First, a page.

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Re: MKS Bourne Shell "case" weirdness...

From: Lars J. Aas
Subject: Re: MKS Bourne Shell "case" weirdness...
Date: Thu, 17 Jul 2003 11:12:04 +0200
User-agent: Mutt/1.3.24i

Regarding MKS sh and case/esac, I ran into another weird problem
during the MKS port which caused us to have to reorder a couple of
case switches in  At line 1229, you will find

        dir=`$echo "X$arg" | $Xsed -e 's/^-L//'`
        # We need an absolute path.

        if test "X$arg" = "X-lc" || test "X$arg" = "X-lm"; then
          case $host in

When this case switch gets to the argument -lXm, it enters the first
-L*) case instead of the -l*) case.  Reordering the two cased libtool
to enter the -l*) case (don't know if -L arguments failed though).
Anyways, we've now found out what that problem was caused by:

| **************
| Knowledge Base Article #20014
| How do I make a case statement case-sensitive?
| Product(s): Toolkit
| Operating System(s): Windows NT, 9x, 2000, ME
| Keyword(s): case, sensitive, DUALCASE
| Question:
| How do I make a case statement case-sensitive?
| Answer:
| Case statements use the file name generation feature of the shell which is
| normally case-insensitive. It is documented in the sh(1) reference. If you
| want to make file name generation case-sensitive then set the variable
| DUALCASE to a non-zero value.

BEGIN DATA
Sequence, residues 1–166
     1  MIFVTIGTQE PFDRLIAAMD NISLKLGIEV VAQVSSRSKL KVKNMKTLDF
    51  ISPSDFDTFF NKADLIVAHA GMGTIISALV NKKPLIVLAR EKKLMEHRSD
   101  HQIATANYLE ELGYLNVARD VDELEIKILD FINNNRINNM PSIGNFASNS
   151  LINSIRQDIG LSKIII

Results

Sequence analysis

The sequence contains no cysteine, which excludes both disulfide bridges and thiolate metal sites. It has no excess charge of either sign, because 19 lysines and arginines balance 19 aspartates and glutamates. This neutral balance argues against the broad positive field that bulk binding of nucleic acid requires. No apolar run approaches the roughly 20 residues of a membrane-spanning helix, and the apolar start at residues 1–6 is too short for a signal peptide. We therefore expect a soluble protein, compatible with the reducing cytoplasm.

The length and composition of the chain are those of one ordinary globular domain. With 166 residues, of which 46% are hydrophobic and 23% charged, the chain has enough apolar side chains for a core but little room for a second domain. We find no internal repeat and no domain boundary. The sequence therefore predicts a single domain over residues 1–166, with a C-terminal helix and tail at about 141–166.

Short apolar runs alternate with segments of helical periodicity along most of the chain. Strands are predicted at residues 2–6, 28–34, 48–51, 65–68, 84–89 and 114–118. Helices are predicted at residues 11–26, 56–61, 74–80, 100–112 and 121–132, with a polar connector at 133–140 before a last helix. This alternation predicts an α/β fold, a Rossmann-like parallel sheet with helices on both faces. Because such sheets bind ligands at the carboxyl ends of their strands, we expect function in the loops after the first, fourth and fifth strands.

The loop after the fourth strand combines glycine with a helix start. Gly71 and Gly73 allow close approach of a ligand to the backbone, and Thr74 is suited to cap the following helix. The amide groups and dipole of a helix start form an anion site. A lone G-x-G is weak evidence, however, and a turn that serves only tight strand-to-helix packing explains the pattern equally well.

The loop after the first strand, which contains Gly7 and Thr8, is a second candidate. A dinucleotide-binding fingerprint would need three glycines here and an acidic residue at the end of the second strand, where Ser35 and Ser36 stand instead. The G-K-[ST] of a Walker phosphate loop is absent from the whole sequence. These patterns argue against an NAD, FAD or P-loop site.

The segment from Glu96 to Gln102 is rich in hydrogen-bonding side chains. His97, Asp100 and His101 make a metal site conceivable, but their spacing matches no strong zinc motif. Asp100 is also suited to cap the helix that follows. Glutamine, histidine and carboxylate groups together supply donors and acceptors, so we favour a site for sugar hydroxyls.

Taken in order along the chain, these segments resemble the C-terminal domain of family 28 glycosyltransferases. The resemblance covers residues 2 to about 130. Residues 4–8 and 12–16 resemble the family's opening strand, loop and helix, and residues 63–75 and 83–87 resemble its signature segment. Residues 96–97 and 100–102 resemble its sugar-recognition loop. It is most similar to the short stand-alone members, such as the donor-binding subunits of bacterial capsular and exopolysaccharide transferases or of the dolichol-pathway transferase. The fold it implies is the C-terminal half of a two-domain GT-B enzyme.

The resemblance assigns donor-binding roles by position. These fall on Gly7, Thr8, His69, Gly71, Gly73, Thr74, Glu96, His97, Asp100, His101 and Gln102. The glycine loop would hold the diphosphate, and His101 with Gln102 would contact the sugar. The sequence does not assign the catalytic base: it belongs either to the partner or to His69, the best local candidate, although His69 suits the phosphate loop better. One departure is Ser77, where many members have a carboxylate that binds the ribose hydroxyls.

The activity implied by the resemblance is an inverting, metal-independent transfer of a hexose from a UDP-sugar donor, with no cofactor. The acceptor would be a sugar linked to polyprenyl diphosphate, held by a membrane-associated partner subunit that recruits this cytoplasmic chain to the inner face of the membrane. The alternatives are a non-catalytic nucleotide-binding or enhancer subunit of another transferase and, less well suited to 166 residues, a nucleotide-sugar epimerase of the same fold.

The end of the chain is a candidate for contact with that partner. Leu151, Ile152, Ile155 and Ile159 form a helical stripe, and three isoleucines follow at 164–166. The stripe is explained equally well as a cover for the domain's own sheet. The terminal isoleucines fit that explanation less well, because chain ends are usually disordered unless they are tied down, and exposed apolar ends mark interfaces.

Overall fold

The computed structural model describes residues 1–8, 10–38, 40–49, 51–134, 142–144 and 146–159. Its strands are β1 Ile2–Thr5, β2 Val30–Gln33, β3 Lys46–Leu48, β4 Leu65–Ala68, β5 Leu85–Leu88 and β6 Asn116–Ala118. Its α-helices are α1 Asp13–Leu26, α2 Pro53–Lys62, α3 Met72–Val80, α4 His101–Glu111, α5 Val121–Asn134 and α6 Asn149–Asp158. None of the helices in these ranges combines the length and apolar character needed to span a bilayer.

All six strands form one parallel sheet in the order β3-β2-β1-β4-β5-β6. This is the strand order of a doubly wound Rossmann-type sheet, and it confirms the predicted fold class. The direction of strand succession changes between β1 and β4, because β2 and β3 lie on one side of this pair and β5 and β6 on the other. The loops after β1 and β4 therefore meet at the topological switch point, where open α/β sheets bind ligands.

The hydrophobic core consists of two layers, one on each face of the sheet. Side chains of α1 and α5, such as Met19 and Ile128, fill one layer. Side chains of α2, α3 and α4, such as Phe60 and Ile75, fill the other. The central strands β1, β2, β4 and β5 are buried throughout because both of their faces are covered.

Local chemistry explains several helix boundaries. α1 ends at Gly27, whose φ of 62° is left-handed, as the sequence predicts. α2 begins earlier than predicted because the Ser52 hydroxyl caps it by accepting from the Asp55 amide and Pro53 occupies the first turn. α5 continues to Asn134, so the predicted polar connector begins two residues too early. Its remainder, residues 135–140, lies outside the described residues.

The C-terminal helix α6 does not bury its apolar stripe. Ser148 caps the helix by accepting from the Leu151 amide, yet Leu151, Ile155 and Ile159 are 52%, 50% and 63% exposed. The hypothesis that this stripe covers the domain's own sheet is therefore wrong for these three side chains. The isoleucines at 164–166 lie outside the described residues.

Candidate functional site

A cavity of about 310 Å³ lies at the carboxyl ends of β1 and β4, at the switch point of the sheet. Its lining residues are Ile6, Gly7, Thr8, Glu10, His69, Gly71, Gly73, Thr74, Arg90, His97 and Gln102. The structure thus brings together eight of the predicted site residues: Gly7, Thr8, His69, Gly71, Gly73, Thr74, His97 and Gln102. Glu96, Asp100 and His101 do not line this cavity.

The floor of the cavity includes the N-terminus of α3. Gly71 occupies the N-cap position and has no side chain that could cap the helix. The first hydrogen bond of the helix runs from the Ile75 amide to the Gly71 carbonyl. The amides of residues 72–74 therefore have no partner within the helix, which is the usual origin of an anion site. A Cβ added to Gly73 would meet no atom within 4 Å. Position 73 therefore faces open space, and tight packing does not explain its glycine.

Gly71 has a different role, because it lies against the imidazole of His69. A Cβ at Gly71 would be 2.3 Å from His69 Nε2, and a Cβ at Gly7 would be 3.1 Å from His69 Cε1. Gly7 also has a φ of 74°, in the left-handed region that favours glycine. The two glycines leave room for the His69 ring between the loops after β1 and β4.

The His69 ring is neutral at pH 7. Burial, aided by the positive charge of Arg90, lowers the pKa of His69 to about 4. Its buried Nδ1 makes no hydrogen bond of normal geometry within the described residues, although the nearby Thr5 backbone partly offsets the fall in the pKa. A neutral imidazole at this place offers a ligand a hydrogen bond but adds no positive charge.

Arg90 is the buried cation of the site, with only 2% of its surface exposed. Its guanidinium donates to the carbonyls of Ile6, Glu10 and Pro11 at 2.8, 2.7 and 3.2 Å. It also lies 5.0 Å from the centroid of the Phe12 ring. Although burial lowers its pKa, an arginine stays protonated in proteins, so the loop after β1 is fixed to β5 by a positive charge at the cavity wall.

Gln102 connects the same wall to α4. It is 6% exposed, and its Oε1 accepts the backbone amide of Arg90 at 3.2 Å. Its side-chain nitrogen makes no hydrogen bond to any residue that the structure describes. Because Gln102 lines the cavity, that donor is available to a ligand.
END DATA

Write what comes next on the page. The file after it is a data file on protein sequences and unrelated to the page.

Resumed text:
| Example:
|    case "$1" in
|       -r*) echo r;;
|       -R)  echo R;;
|       *)   echo other
|    esac
|    unset DUALCASE
| Note that as of version 7.5 a new vaiable has been added. Setting
| TK_DUALCASE_IN_CASE_STATEMENTS to any value will make pattern-matching in
| case statements case-sensitive. When TK_DUALCASE_IN_CASE_STATEMENTS is not
| set, the DUALCASE environment variable determines whether or not
| pattern-matching is case-sensitive in the same way it does for file name
| generation.
| ***********************

Setting up DUALCASE near the top of libtool solved the problem.
I've grepped through all the Libtool and Autoconf files for any mention
of the variable DUALCASE, but I found none.  I would probably go for
setting both DUALCASE and TK_DUALCASE_IN_CASE_STATEMENTS to try to get
sh to be as sane as possible, but I'm not completely sure I understand
the implications of the differences between the two yet (caffeine-level
is too low yet).

  Lars J

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